As we feel more and more limited in our real world, we choose the fantasy world to try out our powers. The real world offers no option for testing our heroism. So we test it in the other world, by living vicariously through a character we admire. The toy industry has caught on with small versions of Batman, Ironman, Superman, etc. There is such a plethora of fancy books and accessories, one wonders if it is the marketing that creates love for fantasy in the first place for certain people. Then there are the faithful followers. When their social media friends praise a book, or a bestseller list touts it, people fall for it.

This fantasy world punishes the stupid and slow, but also the selfish and the arrogant. In fact, one must be wary, for things shapeshift, and loyalties can also change. One must use one’s intuition rather than reason to negotiate the maze of relationships. Love, gratitude, kindness, are rewarded, just as they are in the real world. Greed, hatred, meanness, are punished. In this world justice seems to work better than in the real world. Something within feels more satisfied to live here than in the real world of moral corruption and rampant injustice.

Another reason I feel fantasies have gained prominence is that the time-spirit is favouring the supernatural worlds. Perhaps they are close at hand, ready to manifest. They are manifesting through artists who are open to imagination. Good and bad forces are seeking to real-ise themselves in language and images. Some people are lending their instruments to evil powers, some to the good. And the battle of the other realm is coming home in a new form. Some are falling in love with dystopias, which is concerning. But being closed to the fantasy world is also concerning. For I believe it exists. We visit them in our dreams and bring back much joy and beauty from them. We learn wisdom there. We experience things we would not in the real world. We expand ourselves. We become Supermen and Wonder Women in our imagination. And gradually with practice we will real-ise a new creation.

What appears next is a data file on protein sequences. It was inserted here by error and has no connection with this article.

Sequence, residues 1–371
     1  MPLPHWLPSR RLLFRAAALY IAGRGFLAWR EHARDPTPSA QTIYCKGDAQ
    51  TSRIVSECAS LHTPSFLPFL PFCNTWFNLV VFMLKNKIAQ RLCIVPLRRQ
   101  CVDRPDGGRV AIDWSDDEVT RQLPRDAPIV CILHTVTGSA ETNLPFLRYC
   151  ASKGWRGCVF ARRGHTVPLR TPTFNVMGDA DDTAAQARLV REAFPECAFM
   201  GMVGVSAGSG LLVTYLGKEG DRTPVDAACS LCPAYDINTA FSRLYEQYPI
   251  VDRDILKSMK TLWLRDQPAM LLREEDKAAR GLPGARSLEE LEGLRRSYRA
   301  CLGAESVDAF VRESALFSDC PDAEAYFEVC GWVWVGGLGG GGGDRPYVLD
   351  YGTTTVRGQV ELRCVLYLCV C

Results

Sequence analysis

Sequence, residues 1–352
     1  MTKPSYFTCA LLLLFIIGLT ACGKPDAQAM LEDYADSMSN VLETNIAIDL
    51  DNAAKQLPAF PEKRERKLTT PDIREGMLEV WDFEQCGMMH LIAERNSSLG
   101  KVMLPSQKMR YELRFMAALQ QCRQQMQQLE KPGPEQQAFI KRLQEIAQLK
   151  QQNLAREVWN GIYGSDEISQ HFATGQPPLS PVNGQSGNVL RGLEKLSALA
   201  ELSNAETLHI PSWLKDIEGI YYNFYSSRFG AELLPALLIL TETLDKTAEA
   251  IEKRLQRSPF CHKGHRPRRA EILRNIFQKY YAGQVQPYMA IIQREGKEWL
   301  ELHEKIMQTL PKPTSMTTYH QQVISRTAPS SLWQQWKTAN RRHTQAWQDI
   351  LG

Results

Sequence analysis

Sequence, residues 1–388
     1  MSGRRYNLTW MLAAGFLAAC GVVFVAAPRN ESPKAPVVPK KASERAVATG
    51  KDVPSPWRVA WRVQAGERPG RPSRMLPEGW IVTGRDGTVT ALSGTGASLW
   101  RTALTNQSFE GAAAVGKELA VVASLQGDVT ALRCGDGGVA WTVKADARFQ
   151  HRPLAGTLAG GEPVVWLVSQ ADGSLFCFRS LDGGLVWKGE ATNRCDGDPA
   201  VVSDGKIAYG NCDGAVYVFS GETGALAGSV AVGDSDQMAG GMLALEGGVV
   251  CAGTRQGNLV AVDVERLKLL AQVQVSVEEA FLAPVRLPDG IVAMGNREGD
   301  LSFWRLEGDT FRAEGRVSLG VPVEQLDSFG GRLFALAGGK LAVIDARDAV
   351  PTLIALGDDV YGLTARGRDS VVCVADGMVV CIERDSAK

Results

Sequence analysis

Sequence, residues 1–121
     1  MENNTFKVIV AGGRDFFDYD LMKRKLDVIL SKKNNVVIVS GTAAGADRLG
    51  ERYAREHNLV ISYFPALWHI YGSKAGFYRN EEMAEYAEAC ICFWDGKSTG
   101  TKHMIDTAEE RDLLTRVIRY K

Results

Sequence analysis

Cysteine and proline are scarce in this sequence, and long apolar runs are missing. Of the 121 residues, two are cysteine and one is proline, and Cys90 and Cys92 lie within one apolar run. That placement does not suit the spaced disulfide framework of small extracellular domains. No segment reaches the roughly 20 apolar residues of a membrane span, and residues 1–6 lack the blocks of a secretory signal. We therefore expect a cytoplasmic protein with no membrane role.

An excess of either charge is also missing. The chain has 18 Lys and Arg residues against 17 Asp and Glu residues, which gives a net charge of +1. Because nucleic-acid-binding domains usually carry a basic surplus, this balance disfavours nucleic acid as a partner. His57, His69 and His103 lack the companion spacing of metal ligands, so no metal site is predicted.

Lopa Mukherjee is a psychologist and educator. She conducts workshops and teaches culture, soft skills and related subjects. She lives in Pondicherry.